I got interested in the hyperlocal Maplewood BlogolopolisTM because the mighty New York Times was wading into the fray (and I happen to know the local Times reporter). But it turns out the Times is only the SECOND-best capitalized hyperlocal effort in Maplewood. The newcomer to watch is something called Patch.com.
I barely noticed Maplewood Patch when it launched in … well, whenever it was. Recently. Their logo clearly says “Beta”, and besides I’m not nearly as well tuned in to the local scene as a lot of my Maplewood neighbors are, so I just wasn’t that interested. I visit the (extremely active) Maplewood Online (MOL) bulletin boards sometimes if I’m looking for a referral for a handyman or whatever, but I never got into the social gestalt of those boards, and I don’t follow local politics. Every time I peeked in, however, I was impressed by how vibrant the community was. And MOL honcho Jamie Ross has always been good about publicizing our events at St. George’s Episcopal Church, where the Web Goddess and I are both very active.
Well, I’m interested now.
Yesterday I wrote mainly about the launch of the NY Times “The Local” site for Maplewood and environs. I noted that Patch.com and the NYT both chose the same three towns for their respective pilots — Maplewood, Millburn and South Orange — and I said something snarky about it being hard to reach somebody who could speak on behalf of Patch.
Today I got a call from Brian Farnham, Editor-in-Chief of … well, I guess of Patch.com, although their About Us page is fuzzy on the name of the entity, referring to “the people behind Patch.” Brian confirmed what I was starting to realize yesterday — that although it looks on the surface as if the New York Times and Patch.com have exactly the same business model for Maplewood, they are in fact closer to being exact opposites.
Brian, who had read my snarky comment, was very gracious and started by apologizing for not getting back to me more promptly. I parried that with an apology for not reaching out sooner.
Brian acknowledged what is obvious once you see the list of more than 20 employees at Patch’s NYC headquarters — Patch has national ambitions. He confirmed that all or virtually all of those 20-plus people are devoted full-time to the Patch.com effort. And yet, the only Patch.com sites currently in existence are the ones for Maplewood, South Orange and Millburn. (Each of the three towns also has a local Patch editor, supported by college students and freelancers.)
Brian wouldn’t let himself be pinned down about a timeframe for expansion, and he wouldn’t give me an estimate for the company’s monthly “burn rate” (a dot-com-bubble term that seems so last-century now). But the company is backed by a Google zillionaire, and they’re making a serious upfront investment.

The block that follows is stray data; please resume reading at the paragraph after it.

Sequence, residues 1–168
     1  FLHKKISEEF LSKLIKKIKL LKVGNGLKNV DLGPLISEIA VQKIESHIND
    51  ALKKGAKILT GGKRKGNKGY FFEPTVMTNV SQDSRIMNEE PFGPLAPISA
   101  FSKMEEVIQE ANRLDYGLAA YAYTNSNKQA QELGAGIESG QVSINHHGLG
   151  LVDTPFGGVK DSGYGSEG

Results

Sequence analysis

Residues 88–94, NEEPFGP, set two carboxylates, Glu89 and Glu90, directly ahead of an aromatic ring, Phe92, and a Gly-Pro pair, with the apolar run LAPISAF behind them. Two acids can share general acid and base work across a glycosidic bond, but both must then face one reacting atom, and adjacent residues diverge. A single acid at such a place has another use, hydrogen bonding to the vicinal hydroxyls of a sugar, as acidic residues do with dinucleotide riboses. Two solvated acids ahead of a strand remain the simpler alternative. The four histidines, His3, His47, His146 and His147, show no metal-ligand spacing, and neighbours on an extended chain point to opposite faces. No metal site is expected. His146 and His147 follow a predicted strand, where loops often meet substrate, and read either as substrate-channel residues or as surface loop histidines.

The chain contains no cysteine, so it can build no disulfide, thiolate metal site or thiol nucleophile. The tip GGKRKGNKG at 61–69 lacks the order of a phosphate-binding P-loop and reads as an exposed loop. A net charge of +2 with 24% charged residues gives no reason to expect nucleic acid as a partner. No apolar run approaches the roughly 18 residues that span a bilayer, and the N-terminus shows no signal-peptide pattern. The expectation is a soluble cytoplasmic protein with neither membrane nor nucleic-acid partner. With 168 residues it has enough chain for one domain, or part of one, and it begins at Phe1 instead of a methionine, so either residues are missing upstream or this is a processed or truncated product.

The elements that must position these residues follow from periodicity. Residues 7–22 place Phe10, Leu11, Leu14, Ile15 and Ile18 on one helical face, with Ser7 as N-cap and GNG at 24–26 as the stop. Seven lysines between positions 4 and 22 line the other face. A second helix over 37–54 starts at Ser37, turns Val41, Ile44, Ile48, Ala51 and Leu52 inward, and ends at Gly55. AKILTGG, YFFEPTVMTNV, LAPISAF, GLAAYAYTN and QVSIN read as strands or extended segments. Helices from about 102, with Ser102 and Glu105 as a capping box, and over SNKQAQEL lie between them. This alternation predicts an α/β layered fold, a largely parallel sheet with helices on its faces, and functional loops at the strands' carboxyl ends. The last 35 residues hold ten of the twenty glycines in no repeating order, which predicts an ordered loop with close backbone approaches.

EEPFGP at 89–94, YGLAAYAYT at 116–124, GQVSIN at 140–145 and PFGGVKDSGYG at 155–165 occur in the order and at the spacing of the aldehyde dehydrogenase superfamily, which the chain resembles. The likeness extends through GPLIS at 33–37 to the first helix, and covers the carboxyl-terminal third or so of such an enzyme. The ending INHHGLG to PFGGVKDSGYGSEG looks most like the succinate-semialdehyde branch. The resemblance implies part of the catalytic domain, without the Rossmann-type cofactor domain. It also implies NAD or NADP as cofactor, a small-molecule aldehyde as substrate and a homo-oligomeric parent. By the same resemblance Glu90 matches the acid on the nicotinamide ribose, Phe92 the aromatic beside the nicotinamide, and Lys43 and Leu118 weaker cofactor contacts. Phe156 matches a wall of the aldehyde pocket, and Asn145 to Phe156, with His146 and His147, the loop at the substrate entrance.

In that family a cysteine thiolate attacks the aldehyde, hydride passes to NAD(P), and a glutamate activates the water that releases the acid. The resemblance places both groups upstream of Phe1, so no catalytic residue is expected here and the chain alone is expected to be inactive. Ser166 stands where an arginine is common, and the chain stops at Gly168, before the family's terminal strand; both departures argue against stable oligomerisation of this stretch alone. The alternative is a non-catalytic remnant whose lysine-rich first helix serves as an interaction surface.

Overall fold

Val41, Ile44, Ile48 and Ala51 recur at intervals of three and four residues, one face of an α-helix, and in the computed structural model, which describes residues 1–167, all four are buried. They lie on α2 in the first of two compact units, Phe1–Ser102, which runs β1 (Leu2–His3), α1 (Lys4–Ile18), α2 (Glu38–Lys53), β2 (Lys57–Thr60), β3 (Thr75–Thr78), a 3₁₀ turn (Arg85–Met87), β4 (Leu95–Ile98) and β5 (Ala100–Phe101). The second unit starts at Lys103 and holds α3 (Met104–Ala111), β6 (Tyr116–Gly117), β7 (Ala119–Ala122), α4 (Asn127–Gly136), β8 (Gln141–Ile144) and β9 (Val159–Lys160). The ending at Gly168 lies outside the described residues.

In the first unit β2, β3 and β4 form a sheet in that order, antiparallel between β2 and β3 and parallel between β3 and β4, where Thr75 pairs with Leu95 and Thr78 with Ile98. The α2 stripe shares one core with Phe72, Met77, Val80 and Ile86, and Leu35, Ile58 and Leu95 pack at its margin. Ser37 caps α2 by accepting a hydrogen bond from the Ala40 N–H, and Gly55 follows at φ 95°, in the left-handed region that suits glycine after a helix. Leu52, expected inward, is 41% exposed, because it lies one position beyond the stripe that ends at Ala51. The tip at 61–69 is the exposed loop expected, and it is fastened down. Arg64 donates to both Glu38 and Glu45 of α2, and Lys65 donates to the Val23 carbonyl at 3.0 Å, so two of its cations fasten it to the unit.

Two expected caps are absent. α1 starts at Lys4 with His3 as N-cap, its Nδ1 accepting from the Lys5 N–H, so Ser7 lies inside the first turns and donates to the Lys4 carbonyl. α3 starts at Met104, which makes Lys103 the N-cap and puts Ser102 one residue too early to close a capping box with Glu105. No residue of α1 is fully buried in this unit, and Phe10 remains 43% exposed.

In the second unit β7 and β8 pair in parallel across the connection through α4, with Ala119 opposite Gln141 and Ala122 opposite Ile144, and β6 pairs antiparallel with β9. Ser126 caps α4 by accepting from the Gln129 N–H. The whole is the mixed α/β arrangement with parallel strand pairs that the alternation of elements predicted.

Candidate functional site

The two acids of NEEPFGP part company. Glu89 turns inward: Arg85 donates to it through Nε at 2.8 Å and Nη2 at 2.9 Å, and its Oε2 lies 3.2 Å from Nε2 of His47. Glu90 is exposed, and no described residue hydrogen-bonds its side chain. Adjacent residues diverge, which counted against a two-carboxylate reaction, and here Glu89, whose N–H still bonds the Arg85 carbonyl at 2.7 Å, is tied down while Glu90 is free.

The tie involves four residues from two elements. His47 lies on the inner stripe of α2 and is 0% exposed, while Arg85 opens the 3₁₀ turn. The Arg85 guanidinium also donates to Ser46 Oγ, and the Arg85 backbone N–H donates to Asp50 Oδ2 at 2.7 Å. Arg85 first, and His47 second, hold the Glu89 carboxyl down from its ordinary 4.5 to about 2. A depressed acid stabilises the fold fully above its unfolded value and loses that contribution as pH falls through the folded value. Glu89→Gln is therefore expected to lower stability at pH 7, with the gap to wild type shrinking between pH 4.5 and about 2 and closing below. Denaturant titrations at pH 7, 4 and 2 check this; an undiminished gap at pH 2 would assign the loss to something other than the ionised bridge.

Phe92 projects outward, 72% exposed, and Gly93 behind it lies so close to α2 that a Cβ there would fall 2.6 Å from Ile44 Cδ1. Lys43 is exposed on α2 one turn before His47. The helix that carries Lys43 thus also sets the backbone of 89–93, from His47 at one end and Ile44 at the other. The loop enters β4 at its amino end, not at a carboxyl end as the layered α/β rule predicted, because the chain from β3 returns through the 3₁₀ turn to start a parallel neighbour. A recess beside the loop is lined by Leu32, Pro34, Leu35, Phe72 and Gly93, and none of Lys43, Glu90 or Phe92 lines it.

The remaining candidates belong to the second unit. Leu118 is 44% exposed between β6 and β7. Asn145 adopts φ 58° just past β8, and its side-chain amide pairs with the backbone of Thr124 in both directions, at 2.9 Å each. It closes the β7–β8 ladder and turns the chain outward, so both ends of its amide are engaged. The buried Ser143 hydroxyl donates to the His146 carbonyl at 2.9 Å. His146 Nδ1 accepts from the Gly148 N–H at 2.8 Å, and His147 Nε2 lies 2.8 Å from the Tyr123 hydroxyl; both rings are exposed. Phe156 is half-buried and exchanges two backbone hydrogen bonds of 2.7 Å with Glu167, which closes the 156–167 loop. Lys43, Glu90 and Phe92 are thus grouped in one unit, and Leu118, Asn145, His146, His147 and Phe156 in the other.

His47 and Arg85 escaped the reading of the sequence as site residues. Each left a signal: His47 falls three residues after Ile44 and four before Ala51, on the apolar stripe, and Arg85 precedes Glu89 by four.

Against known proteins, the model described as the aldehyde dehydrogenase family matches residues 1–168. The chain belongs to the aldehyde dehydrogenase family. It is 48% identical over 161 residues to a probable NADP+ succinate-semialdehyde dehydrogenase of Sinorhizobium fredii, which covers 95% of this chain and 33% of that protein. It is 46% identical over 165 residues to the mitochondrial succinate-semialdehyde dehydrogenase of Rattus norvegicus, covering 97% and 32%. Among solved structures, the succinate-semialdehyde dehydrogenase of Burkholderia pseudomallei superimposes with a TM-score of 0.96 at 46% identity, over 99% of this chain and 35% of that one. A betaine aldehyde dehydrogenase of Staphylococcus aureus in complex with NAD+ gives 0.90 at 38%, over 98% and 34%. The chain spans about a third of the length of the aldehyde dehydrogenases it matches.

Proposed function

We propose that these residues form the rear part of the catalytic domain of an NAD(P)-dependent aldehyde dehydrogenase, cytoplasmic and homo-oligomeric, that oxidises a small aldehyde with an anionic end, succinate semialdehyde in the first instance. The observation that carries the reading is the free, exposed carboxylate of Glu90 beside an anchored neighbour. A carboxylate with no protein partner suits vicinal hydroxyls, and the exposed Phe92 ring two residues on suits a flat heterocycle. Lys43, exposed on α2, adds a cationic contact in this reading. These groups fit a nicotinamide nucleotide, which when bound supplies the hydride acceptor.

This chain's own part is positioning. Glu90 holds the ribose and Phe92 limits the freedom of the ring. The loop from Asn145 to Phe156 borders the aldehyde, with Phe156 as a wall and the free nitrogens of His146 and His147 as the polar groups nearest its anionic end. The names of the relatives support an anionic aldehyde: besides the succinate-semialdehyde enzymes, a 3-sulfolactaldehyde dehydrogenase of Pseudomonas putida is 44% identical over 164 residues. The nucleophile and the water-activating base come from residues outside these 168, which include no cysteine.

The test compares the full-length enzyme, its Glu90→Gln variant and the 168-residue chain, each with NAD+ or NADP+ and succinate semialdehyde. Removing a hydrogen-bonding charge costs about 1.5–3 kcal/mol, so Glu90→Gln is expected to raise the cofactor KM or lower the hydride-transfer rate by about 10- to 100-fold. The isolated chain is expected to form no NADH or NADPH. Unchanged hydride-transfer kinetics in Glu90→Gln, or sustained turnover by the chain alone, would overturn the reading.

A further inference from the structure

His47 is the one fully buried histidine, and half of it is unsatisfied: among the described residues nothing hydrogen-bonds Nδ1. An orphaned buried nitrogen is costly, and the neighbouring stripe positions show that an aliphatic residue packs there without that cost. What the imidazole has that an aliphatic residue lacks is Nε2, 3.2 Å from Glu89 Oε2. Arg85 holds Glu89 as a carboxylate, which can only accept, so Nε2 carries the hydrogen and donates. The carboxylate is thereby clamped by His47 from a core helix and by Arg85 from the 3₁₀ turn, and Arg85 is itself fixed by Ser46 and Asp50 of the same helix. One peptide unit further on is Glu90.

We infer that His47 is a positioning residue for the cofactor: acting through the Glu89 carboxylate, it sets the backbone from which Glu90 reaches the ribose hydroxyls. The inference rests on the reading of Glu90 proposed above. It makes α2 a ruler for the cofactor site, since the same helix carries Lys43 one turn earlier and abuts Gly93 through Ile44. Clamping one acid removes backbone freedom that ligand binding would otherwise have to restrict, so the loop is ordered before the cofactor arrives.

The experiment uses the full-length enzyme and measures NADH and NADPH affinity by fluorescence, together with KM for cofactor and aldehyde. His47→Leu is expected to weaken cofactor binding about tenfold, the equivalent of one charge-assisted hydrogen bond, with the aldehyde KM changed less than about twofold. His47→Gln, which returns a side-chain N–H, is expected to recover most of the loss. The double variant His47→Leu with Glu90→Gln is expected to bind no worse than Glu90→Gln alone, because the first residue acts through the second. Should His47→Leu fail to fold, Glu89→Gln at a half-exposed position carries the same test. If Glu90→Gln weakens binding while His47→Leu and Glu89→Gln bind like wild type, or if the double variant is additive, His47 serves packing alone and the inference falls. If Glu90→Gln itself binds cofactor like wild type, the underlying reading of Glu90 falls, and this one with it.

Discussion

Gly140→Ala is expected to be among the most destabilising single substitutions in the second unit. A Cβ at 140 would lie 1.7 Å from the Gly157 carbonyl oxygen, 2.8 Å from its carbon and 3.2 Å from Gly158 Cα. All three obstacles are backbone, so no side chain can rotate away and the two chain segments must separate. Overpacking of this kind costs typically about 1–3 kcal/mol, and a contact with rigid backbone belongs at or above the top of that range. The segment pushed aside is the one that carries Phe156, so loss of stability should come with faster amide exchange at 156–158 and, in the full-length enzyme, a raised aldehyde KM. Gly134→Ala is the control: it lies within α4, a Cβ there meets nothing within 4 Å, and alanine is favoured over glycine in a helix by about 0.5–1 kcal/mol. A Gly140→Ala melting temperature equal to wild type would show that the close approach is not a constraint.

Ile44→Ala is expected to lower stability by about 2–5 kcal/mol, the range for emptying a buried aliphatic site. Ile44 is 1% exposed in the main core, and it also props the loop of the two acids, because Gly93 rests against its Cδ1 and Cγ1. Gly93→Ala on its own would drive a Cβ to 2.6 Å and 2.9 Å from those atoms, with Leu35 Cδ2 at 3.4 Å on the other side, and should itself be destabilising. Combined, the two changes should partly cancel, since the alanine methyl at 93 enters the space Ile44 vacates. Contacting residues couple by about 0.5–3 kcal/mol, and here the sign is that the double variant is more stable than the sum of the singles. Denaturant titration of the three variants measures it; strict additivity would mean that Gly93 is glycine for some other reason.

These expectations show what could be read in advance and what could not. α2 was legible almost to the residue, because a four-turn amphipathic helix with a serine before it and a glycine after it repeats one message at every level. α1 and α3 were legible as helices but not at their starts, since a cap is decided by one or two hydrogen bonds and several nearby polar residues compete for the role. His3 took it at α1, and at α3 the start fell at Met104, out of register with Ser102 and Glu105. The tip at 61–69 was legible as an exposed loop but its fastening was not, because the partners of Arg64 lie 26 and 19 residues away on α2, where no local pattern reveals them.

About half those 20 people are fairly junior, but at the VP and Director level, everybody has serious online and/or media credentials. Brian, for example, is a former Editor-in-Chief of Time Out New York, and his fellow poobahs include seasoned Harvard MBAs and executives from non-trivial media ventures (Gannett, CBS, etc.) None of the senior people are working for just stock options and food.
The New York Times, OTOH, is taking its first tentative steps into the hyperlocal “space.” They’ve assigned one full-time reporter each in New Jersey and Brooklyn — and the paper says even that level of commitment is economically unsustainable in the long run. Maplewood resident Tina Kelley and her Brooklyn colleague at the Times were interviewed today on WNYC Radio, and they both freely acknowledged that the business model may look very different down the road.
Brian considers his company to be in competition with the awkwardly named NY Times “The Local” in this market, but he doesn’t think he’s really in competition with MOL, although obviously there’s some overlap. “I have enormous respect for Jamie Ross and what he’s built” at MOL, Brian said. “I hope people will get to feel less threatened by us — we’re not trying to put anybody out of business. We’re trying to be a news and information hub.”
This rings true to me. Think about Patch’s business model — if they don’t start expanding soon and build a broad base for advertising, even the most patient angel investor will get antsy. Salaries alone have to be costing them six figures every month, and their current revenue from the three initial Patches is either zero or something that rounds to zero. While the current faceoff looks like Googliath vs. Jamie Ross, by the end of 2009 I expect Maplewood Patch will be just one of dozens or even hundreds of local Patches.
MOL has an extremely loyal user base, as I (re)discovered when I posted what one loyalist described (accurately enough) as “your own self-serving advertisement to your blog” on MOL’s “Mostly Maplewood” board, which is only one of more than 20 active MOL boards. 80-plus comments ensued on the thread I had started, and to his credit Jamie not only left the thread posted, he personally took part in the discussion: “BTW, we got over 6,000 visits yesterday!” (Roughly 200 of those visitors clicked the link to my post, a nice boost for my humble blog.)
Patch.com’s business model will either work or it won’t — and if it works, Maplewood will be a tiny part of its traffic. The financially cratering New York Times will either find a business model that works or it will sell the extremely valuable brand to someone else — and either way, the Times‘s Maplewood blog will be a footnote (sorry, Tina, but I suspect you agree).
In any event, I don’t think MOL needs to worry. In fact, once the economy improves, I could envision a very nice payday for Jamie Ross, if he has any interest in having a partner with deep pockets.
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